Burying receivers for improved time-lapse seismic repeatability: CO2CRC Otway field experiment
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This is the accepted version of the following article: Shulakova, V. and Pevzner, R. and Dupuis, C. and Urosevic, M. and Tertyshnikov, K. and Lumley, D. and Gurevich, B. 2015. Burying receivers for improved time-lapse seismic repeatability: CO2CRC Otway field experiment. Geophysical Prospecting. 63 (1): pp. 55-69, which has been published in final form at http://doi.org/10.1111/1365-2478.12174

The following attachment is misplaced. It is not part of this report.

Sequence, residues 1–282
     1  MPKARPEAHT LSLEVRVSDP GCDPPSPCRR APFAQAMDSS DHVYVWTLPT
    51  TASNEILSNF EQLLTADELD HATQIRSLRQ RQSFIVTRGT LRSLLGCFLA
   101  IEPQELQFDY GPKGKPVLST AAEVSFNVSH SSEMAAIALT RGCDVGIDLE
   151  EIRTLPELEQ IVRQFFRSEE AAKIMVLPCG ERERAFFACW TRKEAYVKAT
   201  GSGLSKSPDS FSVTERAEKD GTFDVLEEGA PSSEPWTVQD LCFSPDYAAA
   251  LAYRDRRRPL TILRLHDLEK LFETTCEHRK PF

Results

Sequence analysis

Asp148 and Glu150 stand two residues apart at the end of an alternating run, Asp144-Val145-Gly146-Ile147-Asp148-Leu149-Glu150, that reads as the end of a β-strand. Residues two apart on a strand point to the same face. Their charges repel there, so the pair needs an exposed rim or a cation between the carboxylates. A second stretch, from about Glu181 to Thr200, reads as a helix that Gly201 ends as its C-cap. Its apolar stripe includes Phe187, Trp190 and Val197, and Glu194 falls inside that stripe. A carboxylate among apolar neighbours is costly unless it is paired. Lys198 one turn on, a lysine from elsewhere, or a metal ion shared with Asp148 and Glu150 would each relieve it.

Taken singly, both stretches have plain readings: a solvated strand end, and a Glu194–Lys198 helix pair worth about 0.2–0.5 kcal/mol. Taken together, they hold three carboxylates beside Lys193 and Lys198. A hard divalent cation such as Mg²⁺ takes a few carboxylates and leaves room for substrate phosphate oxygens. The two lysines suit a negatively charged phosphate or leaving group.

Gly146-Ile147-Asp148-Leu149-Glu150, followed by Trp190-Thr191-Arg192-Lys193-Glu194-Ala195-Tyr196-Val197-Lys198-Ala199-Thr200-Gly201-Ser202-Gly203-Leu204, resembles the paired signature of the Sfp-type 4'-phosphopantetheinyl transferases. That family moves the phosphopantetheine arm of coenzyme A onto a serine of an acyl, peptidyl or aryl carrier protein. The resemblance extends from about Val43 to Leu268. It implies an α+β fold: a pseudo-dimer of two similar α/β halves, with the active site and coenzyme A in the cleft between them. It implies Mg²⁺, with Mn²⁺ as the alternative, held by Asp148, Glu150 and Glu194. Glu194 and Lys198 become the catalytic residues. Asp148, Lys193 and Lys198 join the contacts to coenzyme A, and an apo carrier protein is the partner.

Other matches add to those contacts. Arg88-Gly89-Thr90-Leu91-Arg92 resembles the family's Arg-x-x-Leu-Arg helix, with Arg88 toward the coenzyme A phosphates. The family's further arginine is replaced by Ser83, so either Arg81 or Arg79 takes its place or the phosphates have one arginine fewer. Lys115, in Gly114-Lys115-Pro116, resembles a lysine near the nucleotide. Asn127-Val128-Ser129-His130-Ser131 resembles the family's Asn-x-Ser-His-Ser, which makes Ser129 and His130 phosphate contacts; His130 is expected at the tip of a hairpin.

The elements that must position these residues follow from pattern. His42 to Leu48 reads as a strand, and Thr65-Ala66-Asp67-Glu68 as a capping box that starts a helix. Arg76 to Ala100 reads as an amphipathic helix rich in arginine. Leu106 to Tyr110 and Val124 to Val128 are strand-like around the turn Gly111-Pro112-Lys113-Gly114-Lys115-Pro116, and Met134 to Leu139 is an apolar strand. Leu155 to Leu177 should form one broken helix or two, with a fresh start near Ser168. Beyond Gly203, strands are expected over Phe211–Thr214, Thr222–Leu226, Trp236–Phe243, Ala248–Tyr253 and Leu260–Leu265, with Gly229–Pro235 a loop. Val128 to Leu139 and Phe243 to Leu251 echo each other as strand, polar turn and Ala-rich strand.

4D seismic is widely used to remotely monitor fluid movement in subsurface reservoirs. This technique is especially effective offshore where high survey repeatability can be achieved. It comes as no surprise that the first 4D seismic that successfully monitored the CO2 sequestration process was recorded offshore in the Sleipner field, North Sea. In the case of land projects, poor repeatability of the land seismic data due to low S/N ratio often obscures the time-lapse seismic signal. Hence for a successful on shore monitoring program improving seismic repeatability is essential. Stage 2 of the CO2CRC Otway project involves an injection of a small amount (around 15,000 tonnes) of CO2/CH4 gas mixture into a saline aquifer at a depth of approximately 1.5 km. Previous studies at this site showed that seismic repeatability is relatively low due to variations in weather conditions, near surface geology and farming activities. In order to improve time-lapse seismic monitoring capabilities, a permanent receiver array can be utilised to improve signal to noise ratio and hence repeatability.A small-scale trial of such an array was conducted at the Otway site in June 2012. A set of 25 geophones was installed in 3 m deep boreholes in parallel to the same number of surface geophones. In addition, four geophones were placed into boreholes of 1–12 m depth. In order to assess the gain in the signal-to-noise ratio and repeatability, both active and passive seismic surveys were carried out. The surveys were conducted in relatively poor weather conditions, with rain, strong wind and thunderstorms. With such an amplified background noise level, we found that the noise level for buried geophones is on average 20 dB lower compared to the surface geophones. The levels of repeatability for borehole geophones estimated around direct wave, reflected wave and ground roll are twice as high as for the surface geophones. Both borehole and surface geophones produce the best repeatability in the 30–90 Hz frequency range. The influence of burying depth on S/N ratio and repeatability shows that significant improvement in repeatability can be reached at a depth of 3 m. The level of repeatability remains relatively constant between 3 and 12 m depths.
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